Tight Supplies Pushing Commodities Higher; Portugal Runs out of Sugar

Montreal, Canada

Breakfast used to be inexpensive. Not anymore…

Increasingly, farmers will struggle to meet the growing demand for grains and soft agricultural commodities. Several foodstuffs are now in record territory as we shortly close out 2010 and more will turn into net supply deficit as the world continues to outgrow its food supplies.

In 2008, farmers aggressively substituted low-paying crops for soybeans and wheat as prices skyrocketed ahead of the credit crisis. That strategy, mostly at the expense of corn, saw a big shift in yields twelve months later as soybeans and wheat prices tanked.

Farmers know the big trend better than anyone. And in 2008, they saw bigger bucks planting more wheat and soybeans. But heading into 2011, we might be at the cusp of big shortages because of erratic weather patterns just about everywhere.

This week alone, for example, Portugal briefly ran out of sugar. Sugar supplies remained tight after a poor crop in Brazil – the world’s biggest exporter. Australia and India, for different reasons, have also seen sugar exports tumble. Sugar quoted on the New York ICE contract for March delivery hit a 30-year high on Monday.

Arabica coffee beans also touched a 13 ½ year high this week following reports that Colombia’s crop yield was expected to be much lower than projected at 8.1 million bags of beans – a 35-year low.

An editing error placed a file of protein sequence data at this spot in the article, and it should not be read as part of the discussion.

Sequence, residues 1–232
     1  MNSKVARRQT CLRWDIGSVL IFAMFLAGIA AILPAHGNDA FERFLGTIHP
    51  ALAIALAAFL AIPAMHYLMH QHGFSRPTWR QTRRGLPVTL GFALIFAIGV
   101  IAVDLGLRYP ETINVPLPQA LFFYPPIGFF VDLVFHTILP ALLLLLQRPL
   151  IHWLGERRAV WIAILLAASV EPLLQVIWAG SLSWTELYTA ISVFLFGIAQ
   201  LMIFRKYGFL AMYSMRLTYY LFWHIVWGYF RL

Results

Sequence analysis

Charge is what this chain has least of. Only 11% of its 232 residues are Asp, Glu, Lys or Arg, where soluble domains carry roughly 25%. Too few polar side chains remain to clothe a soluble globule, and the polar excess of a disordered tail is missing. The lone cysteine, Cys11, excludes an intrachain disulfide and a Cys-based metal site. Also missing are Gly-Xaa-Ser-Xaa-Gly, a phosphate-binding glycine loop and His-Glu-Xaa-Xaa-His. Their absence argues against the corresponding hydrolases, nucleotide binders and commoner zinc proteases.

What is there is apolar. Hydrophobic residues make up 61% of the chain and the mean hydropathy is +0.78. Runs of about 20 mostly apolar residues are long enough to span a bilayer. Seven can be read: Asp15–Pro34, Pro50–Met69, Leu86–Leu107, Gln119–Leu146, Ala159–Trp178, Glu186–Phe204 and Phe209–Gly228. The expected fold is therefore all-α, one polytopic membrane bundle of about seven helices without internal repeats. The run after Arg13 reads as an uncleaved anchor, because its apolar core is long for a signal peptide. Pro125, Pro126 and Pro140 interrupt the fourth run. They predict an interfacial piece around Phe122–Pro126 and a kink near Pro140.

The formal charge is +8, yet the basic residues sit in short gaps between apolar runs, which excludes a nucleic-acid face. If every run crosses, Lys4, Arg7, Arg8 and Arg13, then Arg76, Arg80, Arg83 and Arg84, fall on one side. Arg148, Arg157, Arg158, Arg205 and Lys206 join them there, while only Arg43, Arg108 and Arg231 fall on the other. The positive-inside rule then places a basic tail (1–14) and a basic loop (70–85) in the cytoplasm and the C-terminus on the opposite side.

One of the biggest and most unpredictable wildcards in this agricultural bull market is Mother Nature. Weather patterns have been extremely volatile this year with adverse growing conditions impacting traditionally strong growing markets in Russia, Australia, Ukraine, Colombia, Brazil, Canada and, to a lesser extent, the United States.

High grain prices are especially long-term bullish for seed companies and fertilizer stocks. The race to boost yields amid a growing population that finds itself outgrowing food supplies is tipping this sector into bull market territory.

With the holidays upon us, I want to wish my readers a happy, healthy and prosperous 2011 and all the very best for the holidays. Dugald and I enjoy bringing our market commentary to you every day; I know there’s an abundance of information and choice out there; we appreciate your loyalty.

Merry Christmas!

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